Trump told The Associated Press in an interview this week that he will spend minimally on a data operation that can help identify and turn out voters. And he’s betting that the media’s coverage of his rallies and celebrity personality will reduce his need for pricey television advertising.

Yet he acknowledged that the general-election campaign may cost “a lot.” To help raise the needed money, he tapped Steven Mnuchin, a New York investor with ties in Hollywood and Las Vegas but no political fundraising experience.

“To me this is no different than building a business, and this is a business with a fabulous product: Donald Trump,” Mnuchin said in an interview at a financial industry conference in Las Vegas. Trump’s new national finance chairman said prospective donors are “coming out of the woodwork” and he’s been fielding emails and phone calls from people he hasn’t heard from in 20 years.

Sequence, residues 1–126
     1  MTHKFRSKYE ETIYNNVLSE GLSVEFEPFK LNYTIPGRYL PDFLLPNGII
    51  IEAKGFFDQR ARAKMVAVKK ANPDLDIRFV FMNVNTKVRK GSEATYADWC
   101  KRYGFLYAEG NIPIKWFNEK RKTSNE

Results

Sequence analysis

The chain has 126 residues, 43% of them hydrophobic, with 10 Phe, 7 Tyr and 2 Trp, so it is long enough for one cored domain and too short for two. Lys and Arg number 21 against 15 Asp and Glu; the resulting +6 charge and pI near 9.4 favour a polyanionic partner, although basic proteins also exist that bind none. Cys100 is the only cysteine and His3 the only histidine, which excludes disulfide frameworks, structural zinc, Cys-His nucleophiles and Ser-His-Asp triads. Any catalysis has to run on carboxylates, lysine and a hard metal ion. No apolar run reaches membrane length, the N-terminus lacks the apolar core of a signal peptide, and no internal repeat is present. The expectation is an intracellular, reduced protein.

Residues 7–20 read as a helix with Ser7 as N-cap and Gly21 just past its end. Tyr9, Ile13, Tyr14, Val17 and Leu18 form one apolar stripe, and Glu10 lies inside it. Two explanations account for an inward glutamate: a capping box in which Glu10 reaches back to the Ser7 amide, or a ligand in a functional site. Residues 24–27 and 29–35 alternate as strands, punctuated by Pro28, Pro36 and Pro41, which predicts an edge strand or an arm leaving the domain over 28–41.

More experienced fundraisers are coming aboard, too, such as Eli Miller of Washington, Anthony Scaramucci of New York and Ray Washburn of Dallas. All three helped raise money for candidates Trump defeated in the primary.

To convey the amount of work needed to vacuum up money, Scaramucci, part of 2012 GOP nominee Mitt Romney’s finance team, recently shared Romney’s old fundraising calendar with Trump. He said Trump was receptive to a schedule that has 50 to 100 fundraisers over the summer.

Scaramucci said he didn’t expect Trump to grovel for donors. “But is he going to say thank you and be appreciative? Of course. He’s very good one-on-one. He’s a hard guy not to like.”

Trump’s dilemma: By asking for money, he could anger supporters who love his assertion that he’s different from most politicians because he isn’t beholden to donors.

He’s tried to navigate these tricky waters by saying he wants only to raise money to benefit the party and help elect other Republicans. But his planned joint fundraising agreement with Republican officials also provides a direct route to his own campaign coffers.